Tuesday, August 10, 2010

Puberty Hits the News!

First graders with breasts? Third graders just mastering their multiplication tables also managing menstruation? Anecdotal reports from school nurses and my experience as a district physician have been calling attention for a while to what appears to be the earlier onset of puberty in early elementary years, especially among overweight girls.

So what is going on? A study reviewed all over the news yesterday but published in the American Academy of Pediatrics journal Pediatrics, showed that in fact the onset of puberty for Hispanic and black girls is not much earlier than reported in 1997 but that for white girls the onset does appear to be dropping to age 7 or 8. The reasons for earlier development are not clear. Pudgy girls appear to develop signs of breast development earlier, but in a 2009 Danish study girls were developing earlier whether overweight (measured as BMI) was a factor or not.

Researchers are postulating and concerned that some other factor in our environment, such as the chemicals in many of the ubiquitous plastics, may be disrupting the natural endocrine systems of our young girls. Further studies will need to be done to determine how this might actually happen and whether it is true in early bloomers.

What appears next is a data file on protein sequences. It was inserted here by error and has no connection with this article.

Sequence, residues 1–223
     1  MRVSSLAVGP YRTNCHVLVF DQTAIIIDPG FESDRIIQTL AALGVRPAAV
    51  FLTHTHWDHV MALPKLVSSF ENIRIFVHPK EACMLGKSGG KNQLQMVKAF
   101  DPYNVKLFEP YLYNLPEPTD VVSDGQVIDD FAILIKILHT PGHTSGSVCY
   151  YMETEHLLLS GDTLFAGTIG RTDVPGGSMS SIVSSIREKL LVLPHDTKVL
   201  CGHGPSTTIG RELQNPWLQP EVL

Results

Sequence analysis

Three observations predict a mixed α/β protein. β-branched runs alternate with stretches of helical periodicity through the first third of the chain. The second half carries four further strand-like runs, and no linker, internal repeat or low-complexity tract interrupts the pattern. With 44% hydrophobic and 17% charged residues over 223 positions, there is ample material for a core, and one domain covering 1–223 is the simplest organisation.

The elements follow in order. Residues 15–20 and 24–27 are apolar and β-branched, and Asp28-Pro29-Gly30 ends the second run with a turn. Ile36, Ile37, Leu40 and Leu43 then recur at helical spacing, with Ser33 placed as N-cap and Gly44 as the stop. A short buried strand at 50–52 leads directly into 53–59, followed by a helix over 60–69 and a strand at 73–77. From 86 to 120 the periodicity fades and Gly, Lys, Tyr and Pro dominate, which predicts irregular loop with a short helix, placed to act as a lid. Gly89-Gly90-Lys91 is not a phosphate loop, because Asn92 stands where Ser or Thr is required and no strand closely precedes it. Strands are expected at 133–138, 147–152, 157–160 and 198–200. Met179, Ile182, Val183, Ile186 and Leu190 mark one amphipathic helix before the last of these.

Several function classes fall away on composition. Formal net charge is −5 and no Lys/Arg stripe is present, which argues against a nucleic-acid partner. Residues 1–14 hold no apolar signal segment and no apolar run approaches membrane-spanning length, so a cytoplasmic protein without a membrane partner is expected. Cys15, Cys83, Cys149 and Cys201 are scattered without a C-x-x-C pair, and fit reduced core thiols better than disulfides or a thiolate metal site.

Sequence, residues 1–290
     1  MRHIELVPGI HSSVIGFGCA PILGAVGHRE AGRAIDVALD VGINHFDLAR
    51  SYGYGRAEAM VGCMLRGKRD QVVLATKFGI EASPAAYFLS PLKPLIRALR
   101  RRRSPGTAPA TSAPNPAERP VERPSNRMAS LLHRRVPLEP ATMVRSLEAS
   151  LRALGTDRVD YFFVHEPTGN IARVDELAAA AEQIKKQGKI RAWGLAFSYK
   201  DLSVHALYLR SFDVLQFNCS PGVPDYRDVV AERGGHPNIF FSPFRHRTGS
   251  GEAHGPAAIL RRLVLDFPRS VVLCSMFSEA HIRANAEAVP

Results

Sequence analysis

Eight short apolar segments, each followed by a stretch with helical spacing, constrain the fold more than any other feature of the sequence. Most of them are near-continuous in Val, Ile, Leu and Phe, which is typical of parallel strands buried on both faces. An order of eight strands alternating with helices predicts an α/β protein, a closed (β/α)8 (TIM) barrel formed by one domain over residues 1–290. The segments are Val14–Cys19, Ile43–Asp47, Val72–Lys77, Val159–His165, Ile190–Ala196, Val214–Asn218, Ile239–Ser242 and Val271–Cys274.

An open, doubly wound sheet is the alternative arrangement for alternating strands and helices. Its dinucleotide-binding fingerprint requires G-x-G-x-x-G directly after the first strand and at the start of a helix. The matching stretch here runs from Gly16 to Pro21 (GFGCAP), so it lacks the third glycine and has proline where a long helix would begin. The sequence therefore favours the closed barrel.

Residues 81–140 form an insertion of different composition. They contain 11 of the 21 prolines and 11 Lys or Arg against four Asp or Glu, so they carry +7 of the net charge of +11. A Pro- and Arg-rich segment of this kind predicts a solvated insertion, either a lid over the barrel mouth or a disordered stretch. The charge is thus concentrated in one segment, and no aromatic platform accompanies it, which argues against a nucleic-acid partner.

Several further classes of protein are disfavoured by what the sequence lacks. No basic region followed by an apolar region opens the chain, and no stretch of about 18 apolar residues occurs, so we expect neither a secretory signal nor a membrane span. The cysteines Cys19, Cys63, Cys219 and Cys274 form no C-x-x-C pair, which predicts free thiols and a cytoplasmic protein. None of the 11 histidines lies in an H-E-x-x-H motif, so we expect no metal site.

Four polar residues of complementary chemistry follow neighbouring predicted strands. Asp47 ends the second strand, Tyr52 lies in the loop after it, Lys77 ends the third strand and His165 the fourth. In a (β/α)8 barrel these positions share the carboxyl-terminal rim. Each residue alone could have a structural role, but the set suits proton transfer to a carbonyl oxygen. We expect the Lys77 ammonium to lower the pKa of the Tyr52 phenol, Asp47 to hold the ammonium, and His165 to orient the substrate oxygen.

In the mean time, what should we do?

As the lead author of the Pediatrics study, Dr. Frank Biro, suggested in an interview with the Los Angeles Times "...for younger children and the tweens, they should probably live a little bit greener. People could eat together as families — not avoiding fast food, but minimizing it to once a week — and families could engage in regular physical activity." Managing weight, living "green" and keeping the family meal might all serve to protect us from the risks of overweight, bad chemicals, and stress.

It's amazing how frequently it comes down to this simple bit of advice, best encapsulated by Michael Polan: "Eat real food, not too much, mostly plants."  And I think I would add that we should avoid drinking, eating, and microwaving out of plastic containers until we have more information.  

image credit: Google images


  1. that is a good phrase to live/eat by.
    but what constitutes the onset of puberty? underarm hair, more sweating, etc. as well?

  2. The onset of puberty is clinically defined by well known markers (breat bud development, pubic hair, odor) and is standardized in Tanner Staging (named for an English endocrinologist). In a research or pathological setting, endocrine markers (blood tests) may be used to help define normal and abnormal puberty.